“So, what do you do?” Probably the most common question you get when you first meet someone right? Well, it’s one I dread. In the past, I thought nothing of this small talk type question, I even couldn’t wait to answer it, but after two years on disability (or is it three? Damn cog fog!) I get increasingly worried about being asked it. For me, my education and career were a massive part of who I was, they defined me. Now that I can no longer work, I struggle understanding who I am. The added problem with this common question is that when I am normally asked, I’m sure I look perfectly fine.
Being on disability sucks, there isn’t a nicely worded way to say it. For as much as people may hate working, imagine life without it? I’m not even talking about the money issues (of which there obviously are several). Working most of your life and then suddenly being told you can’t anymore is devastating, at least it was to me. I came from a family that emphasized working hard for what you want. I grew up, went to school, and then had a pretty successful career as a software engineer. I loved what I did and my career was who I was until about 13 years into my diagnosis, then I stopped recovering as well from a relapse. Issues from old relapses were now common and much more at the forefront than ever before. I knew I couldn’t work anymore, but I just couldn’t admit it, not to anyone, especially not to myself. Then it became out of my control. Being forced on to disability has had a huge effect on me and drives a lot of my depression. Even after all this time has passed, I still have a hard time accepting it. With this being the source of so much internal struggle that I have, it’s probably easy to understand how much I worry about the question.
But I look so good, right? Sure, at first glance, when I’m asked this question it would seem impossible that I’m on disability. When I say, well, I have MS and I’m on disability, I see the confused look and immediately think that they are probably wondering how I am scamming the system. I worry that they are probably thinking of their aunt’s best friend’s sister on their mother’s side who they are pretty sure has MS and she’s fine. I worry that they see me and because my symptoms are invisible, they think I’m just fine and should be hard at work every day, just like them. I worry that they see me and think I am just lazy and a freeloader.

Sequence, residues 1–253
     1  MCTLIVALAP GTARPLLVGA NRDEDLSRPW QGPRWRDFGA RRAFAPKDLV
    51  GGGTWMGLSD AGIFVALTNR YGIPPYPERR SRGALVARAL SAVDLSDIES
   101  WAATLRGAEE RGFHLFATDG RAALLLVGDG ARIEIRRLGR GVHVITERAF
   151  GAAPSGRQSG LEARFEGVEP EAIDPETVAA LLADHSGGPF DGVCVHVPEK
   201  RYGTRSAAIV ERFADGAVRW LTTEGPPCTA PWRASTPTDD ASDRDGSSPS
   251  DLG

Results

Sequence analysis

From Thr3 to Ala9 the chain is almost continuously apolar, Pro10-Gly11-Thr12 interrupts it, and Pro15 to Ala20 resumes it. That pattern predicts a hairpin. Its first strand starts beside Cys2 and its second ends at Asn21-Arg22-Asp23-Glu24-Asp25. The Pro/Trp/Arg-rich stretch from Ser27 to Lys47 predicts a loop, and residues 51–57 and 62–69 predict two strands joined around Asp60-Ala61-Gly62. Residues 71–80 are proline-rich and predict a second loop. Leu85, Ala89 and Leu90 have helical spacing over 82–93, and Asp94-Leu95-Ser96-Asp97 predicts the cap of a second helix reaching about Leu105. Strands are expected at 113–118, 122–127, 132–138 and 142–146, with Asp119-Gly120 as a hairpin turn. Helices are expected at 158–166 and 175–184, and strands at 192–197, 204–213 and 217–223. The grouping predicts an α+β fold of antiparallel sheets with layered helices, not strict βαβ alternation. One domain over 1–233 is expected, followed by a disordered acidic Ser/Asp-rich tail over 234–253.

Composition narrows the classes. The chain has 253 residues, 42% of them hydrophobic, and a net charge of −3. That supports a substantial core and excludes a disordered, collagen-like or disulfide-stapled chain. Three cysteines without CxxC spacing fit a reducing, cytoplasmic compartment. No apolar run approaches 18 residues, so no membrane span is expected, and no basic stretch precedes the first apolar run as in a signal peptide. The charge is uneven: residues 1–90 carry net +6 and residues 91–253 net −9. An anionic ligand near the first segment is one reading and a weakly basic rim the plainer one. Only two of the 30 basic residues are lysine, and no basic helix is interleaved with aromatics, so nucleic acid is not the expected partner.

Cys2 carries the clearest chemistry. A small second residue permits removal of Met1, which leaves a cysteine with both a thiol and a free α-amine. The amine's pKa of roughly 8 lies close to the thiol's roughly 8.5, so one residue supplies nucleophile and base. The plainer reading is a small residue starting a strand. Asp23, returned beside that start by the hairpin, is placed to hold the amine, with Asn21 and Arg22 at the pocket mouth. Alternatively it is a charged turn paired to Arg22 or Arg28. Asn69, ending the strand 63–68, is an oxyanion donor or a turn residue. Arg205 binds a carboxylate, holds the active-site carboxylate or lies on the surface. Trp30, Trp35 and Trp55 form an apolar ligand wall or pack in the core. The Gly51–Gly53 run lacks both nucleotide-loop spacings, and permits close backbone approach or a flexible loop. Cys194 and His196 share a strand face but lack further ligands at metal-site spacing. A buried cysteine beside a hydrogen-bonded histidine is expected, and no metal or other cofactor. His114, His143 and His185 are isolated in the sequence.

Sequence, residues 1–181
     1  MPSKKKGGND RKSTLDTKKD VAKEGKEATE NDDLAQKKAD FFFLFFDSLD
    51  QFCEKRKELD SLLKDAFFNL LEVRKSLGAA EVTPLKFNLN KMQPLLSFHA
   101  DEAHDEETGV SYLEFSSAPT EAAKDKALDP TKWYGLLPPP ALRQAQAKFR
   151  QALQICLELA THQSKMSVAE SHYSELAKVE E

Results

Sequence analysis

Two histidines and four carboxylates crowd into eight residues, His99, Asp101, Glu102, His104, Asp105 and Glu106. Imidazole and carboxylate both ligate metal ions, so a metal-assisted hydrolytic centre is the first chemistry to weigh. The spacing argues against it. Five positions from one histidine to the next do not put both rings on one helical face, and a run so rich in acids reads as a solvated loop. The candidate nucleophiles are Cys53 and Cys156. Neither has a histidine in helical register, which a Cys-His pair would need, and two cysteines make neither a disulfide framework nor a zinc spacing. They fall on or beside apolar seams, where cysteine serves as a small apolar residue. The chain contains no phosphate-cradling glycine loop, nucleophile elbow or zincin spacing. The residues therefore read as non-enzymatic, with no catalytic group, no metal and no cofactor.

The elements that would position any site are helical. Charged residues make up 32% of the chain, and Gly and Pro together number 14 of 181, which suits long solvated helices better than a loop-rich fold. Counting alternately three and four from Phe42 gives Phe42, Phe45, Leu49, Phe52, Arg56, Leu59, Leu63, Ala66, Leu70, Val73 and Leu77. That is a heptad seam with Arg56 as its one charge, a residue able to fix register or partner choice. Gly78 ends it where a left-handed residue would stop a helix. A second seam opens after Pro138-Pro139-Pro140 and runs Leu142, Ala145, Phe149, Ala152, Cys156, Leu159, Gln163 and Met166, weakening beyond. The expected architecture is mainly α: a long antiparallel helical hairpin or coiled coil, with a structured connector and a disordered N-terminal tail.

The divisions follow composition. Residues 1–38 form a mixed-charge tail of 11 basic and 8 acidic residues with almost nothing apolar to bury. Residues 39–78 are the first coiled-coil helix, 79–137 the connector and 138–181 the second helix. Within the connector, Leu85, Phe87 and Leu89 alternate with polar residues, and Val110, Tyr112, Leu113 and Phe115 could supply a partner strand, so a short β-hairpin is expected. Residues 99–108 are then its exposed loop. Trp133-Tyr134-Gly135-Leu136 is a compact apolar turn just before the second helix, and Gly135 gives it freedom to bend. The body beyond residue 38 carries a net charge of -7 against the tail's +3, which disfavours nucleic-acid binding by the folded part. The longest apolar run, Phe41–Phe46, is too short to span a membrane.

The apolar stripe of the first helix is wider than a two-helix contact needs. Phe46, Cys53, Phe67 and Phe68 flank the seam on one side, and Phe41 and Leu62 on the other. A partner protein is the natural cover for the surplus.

I can’t answer with a full explanation. I can’t tell them that yes, I look good and able bodied at the moment but I’m struggling to stand (or even to sit upright if we are seated). I can’t tell them about the falls. I can’t mention the searing pain running through my body as I struggle to put on a fake smile. I wouldn’t dream of telling them how I’ve really just been nodding along for much of the conversation because my mind is all over the place and my short term memory is near useless. I can’t explain the effort it takes me just to be here talking to them. And they won’t see the aftermath, the punishment my body will inflict on me over the next few days for daring to be out of bed and being social.
So it’s incredibly awkward, though in real life, probably only to me. I’m sure I think about the issue way too much. After all, it’s usually a “small talk” type of question. For most people anyway. To me, it’s so much more. A reminder of the life that was, the career, the education, the status, the old me. I’ve even lied if I thought my chances of seeing the person again were slim. I’d just state my old career and move on. Recently though, I’ve begun to explain myself and feel a lot better about it. I have MS and I’m on disability. But now I go on to explain that I write about my MS and try to help other people with the disease. If I’ve helped one person, that probably is more impactful and greater than anything I ever did in my career. I’m proud of that. Other than that, I try to take care of myself, my wife, and my dog and do a bunch of other small things to fill up my time. However, the most basic and true of answers to the question “So, what do you do?”, is that I fight multiple sclerosis.